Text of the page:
Outside Director/Proxy Holder Requirements Are Changing
New Report Cards: Are Your OD/PH Measuring Up?
Foreign-owned or controlled entities may not hold U.S. facility security clearances (“FCL”) unless they enter into a corporate governance agreement with the U.S. Government to mitigate “foreign ownership, control, or influence” (“FOCI”). When a foreign interest has the power, whether or not exercised, to be represented on the board, oversight of these agreements depends, in large measure, on independent Outside Directors and Proxy Holders (“OD/PH”), who are chosen by the shareholder with the consent of the U.S. Government.
For several years, the U.S. Department of Defense (“DOD”) has been reviewing the roles and qualifications of OD/PH in the National Industrial Security Program. In August 2018, the Defense Counterintelligence and Security Agency (“DCSA”) published a white paper describing the agency’s expected OD/PH reforms (the “DCSA White Paper”). On October 1, 2019, as required by the Paperwork Reduction Act (“PRA”), DOD published its proposal for six new forms related to the nomination and evaluation of OD/PHs. Under the PRA, agencies must seek the prior approval of the Office of Management and Budget (“OMB”) before they may publish broad-based “information collection requests.” OMB is required by law to assess the paperwork burden generated by the proposal, with the goal of ensuring that the request does not impose unnecessary burdens. The DOD request is open to public comment for 30 days.
For at least the past decade, the DOD has required little information concerning nominees for OD/PH positions: generally, a recent copy of the candidate’s resume or biography would suffice, together with the nominee’s responses to a DOD questionnaire. The questionnaire was brief, but required disclosure of any prior relationship between the nominee and the company seeking (or holding) an FCL, its affiliates, and the foreign owner. Once approved by DCSA and appointed to serve, OD/PH have not historically been subject to any structured, continued evaluation, although DCSA maintains oversight of the agreement. Only recently have OD/PH been asked to complete post-appointment DCSA training programs related to their duties as directors or proxy holders.
We have reviewed the new forms that DCSA intends to use with OD/PH. The proposed forms indicate that the nomination process will now require more than a completed questionnaire from the nominee (and, as before, a resume or biography). Now, it appears that DCSA also intends to require the nominating entity to complete a separate questionnaire concerning the nomination process and the entity’s pre-existing relationships (if any) with the nominee. Additionally, DOD proposes to add the following evaluation forms:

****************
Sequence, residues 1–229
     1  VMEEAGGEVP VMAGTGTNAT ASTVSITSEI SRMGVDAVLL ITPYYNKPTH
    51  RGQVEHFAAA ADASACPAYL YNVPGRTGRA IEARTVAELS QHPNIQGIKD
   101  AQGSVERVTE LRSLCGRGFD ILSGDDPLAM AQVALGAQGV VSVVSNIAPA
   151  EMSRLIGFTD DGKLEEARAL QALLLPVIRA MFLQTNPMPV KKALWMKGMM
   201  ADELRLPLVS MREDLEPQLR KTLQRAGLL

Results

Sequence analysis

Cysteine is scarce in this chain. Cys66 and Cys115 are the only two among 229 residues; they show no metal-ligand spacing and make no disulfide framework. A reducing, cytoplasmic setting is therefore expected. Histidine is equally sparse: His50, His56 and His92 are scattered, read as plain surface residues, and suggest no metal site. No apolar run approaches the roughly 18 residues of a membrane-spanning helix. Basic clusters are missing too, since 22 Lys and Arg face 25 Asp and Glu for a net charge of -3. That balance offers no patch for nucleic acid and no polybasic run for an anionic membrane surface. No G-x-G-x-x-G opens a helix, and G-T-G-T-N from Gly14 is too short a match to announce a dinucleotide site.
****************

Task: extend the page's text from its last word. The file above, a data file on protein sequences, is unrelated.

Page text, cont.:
- A Peer Assessment Form to evaluate the performance of sitting OD/PH. The proposed form appears to be for completion by other company officials or, possibly, board members, but no instructions are provided with the proposed form. It is unclear who is expected to complete the form or how frequently.
- A Self-Assessment Form, which is presumably intended for completion by each OD/PH respecting his or her service on the board. No instructions are provided with the form, nor is there any guidance on how often these assessments are to be completed.
- A Group Assessment Form, the purpose of which appears to be an evaluation of various “Groups” at the cleared company including, among others, the full Board, the Government Security Committee, and the Compensation Committee. There are no instructions provided with the draft form, so it is unclear if this is intended to be a self-assessment or, if not, who would be responsible for completing the form. Also unclear is the frequency with which the form will need to be completed.